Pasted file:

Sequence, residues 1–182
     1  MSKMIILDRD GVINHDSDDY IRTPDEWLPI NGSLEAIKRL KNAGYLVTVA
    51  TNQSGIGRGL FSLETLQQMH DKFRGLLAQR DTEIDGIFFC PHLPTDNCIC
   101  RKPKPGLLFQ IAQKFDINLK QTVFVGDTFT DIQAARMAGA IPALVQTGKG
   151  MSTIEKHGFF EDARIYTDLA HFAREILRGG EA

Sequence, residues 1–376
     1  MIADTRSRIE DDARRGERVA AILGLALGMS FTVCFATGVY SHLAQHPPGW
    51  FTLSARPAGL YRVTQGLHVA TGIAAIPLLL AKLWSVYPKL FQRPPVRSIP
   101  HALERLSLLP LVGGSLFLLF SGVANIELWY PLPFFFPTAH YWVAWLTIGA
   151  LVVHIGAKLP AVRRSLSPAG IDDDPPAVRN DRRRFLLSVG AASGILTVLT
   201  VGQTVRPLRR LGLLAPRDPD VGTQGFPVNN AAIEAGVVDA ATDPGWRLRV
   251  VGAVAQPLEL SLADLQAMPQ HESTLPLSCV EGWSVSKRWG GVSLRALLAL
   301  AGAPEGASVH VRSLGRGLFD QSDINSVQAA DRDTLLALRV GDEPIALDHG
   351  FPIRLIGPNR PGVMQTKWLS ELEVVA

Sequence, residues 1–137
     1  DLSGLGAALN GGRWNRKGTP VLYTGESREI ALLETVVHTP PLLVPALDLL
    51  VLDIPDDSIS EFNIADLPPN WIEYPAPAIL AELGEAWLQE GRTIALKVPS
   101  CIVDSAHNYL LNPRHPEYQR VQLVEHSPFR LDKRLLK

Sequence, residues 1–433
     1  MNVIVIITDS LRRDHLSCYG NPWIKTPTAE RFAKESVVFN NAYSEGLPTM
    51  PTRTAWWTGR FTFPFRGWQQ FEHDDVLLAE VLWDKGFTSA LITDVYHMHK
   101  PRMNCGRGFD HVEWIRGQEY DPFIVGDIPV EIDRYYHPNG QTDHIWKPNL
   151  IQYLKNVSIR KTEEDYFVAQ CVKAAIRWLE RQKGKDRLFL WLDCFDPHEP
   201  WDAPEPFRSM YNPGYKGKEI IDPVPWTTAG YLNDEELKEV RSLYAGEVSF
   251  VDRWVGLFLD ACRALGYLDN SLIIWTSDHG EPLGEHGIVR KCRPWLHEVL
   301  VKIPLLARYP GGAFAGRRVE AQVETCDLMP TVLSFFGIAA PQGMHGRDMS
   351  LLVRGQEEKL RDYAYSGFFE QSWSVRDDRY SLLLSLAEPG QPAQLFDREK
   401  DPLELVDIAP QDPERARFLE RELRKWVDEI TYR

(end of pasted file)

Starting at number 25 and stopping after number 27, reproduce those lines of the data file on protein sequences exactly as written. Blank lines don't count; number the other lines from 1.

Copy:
   251  VDRWVGLFLD ACRALGYLDN SLIIWTSDHG EPLGEHGIVR KCRPWLHEVL
   301  VKIPLLARYP GGAFAGRRVE AQVETCDLMP TVLSFFGIAA PQGMHGRDMS
   351  LLVRGQEEKL RDYAYSGFFE QSWSVRDDRY SLLLSLAEPG QPAQLFDREK